Chase makes a jump shot and celebrates. As it often happens with sons, he feels me–his father’s eyes looming because he looks up, with his own blue eyes and finds me framed in the window.

“Come out and play Dad!”

I smile and wave and a trapdoor in my stomach swings open and my heart falls through and keeps falling because but I can’t play. Not now. Not today. Because some days my body aches too much. Because some days my brain does weird things. Like some days it convinces myself that I’m trapped on the Tilt-a-Whirl or I’m buckled to the back of a big black bird or I’m a sneaker in the dryer or I’m frat party drunk. Because some days the fixed world spins, glides, tumbles and wobbles off its axis at speeds beyond what my eyes, my undamaged brain can comprehend. And I guess, some days, I just don’t play because…because I simply cannot risk the embarrassment.

For this story, I need you need to suspend reality. I need you to believe the unbelievable. But the unbelievable is the truth. Truth that the National Institute of Health, the epicenter of rare and novel diseases, couldn’t believe.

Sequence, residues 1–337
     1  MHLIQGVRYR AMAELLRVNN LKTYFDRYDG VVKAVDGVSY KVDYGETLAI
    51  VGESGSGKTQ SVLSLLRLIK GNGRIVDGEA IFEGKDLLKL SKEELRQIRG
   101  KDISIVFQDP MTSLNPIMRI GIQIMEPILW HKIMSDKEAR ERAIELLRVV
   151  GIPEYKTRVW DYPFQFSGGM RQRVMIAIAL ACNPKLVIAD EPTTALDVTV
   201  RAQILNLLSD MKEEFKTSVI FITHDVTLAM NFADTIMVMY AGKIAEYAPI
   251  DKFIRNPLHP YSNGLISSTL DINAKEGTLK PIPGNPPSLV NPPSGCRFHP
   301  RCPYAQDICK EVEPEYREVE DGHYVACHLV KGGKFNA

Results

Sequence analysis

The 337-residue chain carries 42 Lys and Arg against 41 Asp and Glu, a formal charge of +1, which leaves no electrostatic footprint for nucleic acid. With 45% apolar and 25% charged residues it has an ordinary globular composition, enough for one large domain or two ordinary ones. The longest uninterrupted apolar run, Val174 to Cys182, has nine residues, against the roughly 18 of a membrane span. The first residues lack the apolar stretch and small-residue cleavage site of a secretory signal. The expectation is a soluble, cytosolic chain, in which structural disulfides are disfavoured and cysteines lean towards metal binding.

Before my diagnosis, I believed that I would do physically heroic dad things, like carrying all three children off to bed like footballs, each tucked under my arm, after the fall asleep on the couch. I believed I would be the MVP of father-son baseball games. I believed my children and I would run 5k’s together and I believed on a perfect summer morning, when the sky was veined with golden light we would ride bikes along the New Jersey coastline.

But we age and learn that real life always falls incredibly short of the one we imagined, of the one we planned.  And yet despite our protests, it’s the unplanned life that teaches more then our fantasies ever will.

“Jay are you ready?”